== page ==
Tuesday, 30 September 2014

Inspirational! Dolphin Tale 2- movie review and food for thought.

When I take the children to see a new film I don't generally expect to come away with my mind working overtime on how the storyline impacts my day to day life. I definitely didn't expect this with a gentle family movie about dolphins!

We were invited to see a sneak preview of Dolphin Tale 2 at the weekend - the story follows on from the lovely based-in-fact Dolphin Tale (2011) where an injured dolphin, Winter, is rescued and fitted with a groundbreaking prosthetic tail.





The film from Warner Bros. Pictures and Alcon Entertainment reunites the entire main cast, led by Harry Connick, Jr. (be still my beating heart!) , Oscar® winner Morgan Freeman, Ashley Judd, Kris Kristofferson, Nathan Gamble, Cozi Zuehlsdorff, Austin Stowell, and, of course, the remarkable dolphin Winter as herself.  Champion surfer Bethany Hamilton, who  lost an arm in a shark attack but returned to surfing, appears as herself in the film.  Martin Smith, who directed “Dolphin Tale,” wrote the sequel and is again at the helm. 

So - it has been several years since young Sawyer Nelson (Gamble) and the dedicated team at the (real life) non-profit rescue and rehab centre Clearwater Marine Hospital, headed by Dr. Clay Haskett (Connick, Jr.), rescued Winter.  With the help of Dr. Cameron McCarthy (Freeman), who developed a unique prosthetic tail for the injured dolphin, they were able to save her life.


Yet their fight is not over.  Winter’s surrogate mother, the very elderly dolphin Panama, has passed away, leaving Winter without the only poolmate she has ever known. 

However, the loss of Panama may have even greater repercussions for Winter, who, according to USDA regulations, cannot be housed alone. Time is running out to find a companion for her before the team at Clearwater loses their beloved Winter to another aquarium.

Is here any hope for Winter? Well - you'll have to watch the film to find out. #hopeforwinter

Turtle-mad DS#3 

 My children aged 8-15 were gripped by the film, delighted by the appearance of a sea turtle (my 15 year old loves them and even once spent a night as a volunteer for a turtle protection charity on a Cypriot Beach watching over a nest. Sadly no turtles hatched the night he was there!)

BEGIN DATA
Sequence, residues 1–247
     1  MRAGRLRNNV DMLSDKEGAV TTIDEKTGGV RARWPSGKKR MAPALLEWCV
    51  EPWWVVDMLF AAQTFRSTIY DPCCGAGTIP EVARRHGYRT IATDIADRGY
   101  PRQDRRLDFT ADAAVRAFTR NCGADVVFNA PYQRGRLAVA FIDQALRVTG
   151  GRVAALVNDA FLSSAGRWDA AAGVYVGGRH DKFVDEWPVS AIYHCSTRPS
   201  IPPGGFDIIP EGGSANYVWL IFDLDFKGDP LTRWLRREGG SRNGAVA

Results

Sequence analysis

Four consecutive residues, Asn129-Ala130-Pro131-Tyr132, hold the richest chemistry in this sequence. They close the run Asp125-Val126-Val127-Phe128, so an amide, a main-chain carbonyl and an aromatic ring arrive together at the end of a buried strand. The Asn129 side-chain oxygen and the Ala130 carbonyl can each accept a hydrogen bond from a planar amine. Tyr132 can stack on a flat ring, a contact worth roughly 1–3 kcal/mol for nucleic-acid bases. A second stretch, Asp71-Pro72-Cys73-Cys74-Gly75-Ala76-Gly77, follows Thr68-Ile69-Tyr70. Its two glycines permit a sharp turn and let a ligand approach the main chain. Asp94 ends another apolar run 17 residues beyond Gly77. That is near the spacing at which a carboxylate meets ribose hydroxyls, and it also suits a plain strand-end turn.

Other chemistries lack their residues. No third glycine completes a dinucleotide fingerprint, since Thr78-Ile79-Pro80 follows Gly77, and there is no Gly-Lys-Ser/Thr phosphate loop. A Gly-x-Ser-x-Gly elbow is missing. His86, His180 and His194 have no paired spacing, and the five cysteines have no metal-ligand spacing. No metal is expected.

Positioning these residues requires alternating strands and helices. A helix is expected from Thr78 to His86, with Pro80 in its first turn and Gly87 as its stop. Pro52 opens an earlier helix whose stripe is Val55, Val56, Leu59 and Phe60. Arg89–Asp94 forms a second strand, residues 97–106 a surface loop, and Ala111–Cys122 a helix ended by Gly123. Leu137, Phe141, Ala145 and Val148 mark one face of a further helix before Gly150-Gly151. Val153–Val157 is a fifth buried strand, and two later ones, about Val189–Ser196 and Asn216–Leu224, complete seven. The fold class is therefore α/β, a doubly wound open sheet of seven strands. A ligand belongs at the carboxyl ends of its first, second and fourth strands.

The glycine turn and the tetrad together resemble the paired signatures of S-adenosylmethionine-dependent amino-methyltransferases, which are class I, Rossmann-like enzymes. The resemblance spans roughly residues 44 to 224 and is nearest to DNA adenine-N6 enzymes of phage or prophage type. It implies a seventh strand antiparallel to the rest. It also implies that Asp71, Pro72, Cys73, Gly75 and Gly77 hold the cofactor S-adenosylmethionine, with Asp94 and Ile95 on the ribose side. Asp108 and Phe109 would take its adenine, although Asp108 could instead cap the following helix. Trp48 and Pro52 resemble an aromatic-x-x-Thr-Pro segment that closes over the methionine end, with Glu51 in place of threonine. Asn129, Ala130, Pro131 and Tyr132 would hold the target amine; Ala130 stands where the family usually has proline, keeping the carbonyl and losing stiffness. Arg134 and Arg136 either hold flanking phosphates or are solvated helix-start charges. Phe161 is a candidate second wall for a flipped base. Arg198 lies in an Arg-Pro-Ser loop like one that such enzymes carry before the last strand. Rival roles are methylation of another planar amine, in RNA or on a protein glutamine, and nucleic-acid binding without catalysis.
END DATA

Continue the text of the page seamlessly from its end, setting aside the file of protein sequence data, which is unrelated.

My 6 year old was a little fidgety but managed to follow most of the story line and DH and I agreed that we enjoyed the film much more than we expected!

We were all moved by footage at the end of the film of the real workers and sea creatures at the Hospital interacting with people from tots to war veterans with prothsetic limbs.

But the biggest impact and inspiration for me came from a scene where the team try to introduce a dolphin into the same pool as Winter who is not wearing the prosthetic tail. The new dolphin is confused, frightened and finally aggressive. Using echo-sounding and sight the new dolphin calculates that because the shape and movement isn't right, because winter does not tick all the boxes of what it thinks a dolphin should look like it isn't a dolphin and therefore is possibly an enemy.

Winter, the Dolphin with no tail in Clearwater...
Winter, the Dolphin with no tail in Clearwater, Florida.
(Photo credit: Wikipedia)
And how many times do we do this with other humans? We look, we make a snap decision. They are wearing different clothes because of their culture, their peer fashion, their faith. They are missing limbs, have a "different" face or size. So we judge and reject. We treat them like enemies because we are scared of anything unusual.

I bought this up at my Christian house group and the people there agreed. We discussed how we see a Bhurka and not the person underneath. We cross the road to avoid young people in hoodies. We don't know what to say to the person with the birth mark or the scar.

The film inspired us to think again - to remember to look past initial appearances and try to really see the person before making a judgement. And unlike the dolphin who needed to "see" Winter in a prosthetic before accepting maybe it was a dolphin after all that we should accept people as they are without them having to conform to what we expect them to look like.

Deep? well yes but what a refreshing change to have a family film which can work on so many levels and actually challenges our life view. 

And how wonderful to know that you can actually go to Clearwater and meet the team, see Winter and support the amazing work they are doing for sea creatures and humans. Fingers crossed for a lottery win as its definitely on my top ten list of places I'd love to visit. In the meantime there are webcams on the website (allow for time difference otherwise like me you end up watching a dark pool!)

Dolphin Tale 2 is out in Great Britain on Friday October 3. 

#hopeforwinter



Disclaimer: My family was invited to a free screening of Dolphin Tale 2 for the purposes of this review. Opinions remain honest and my own.

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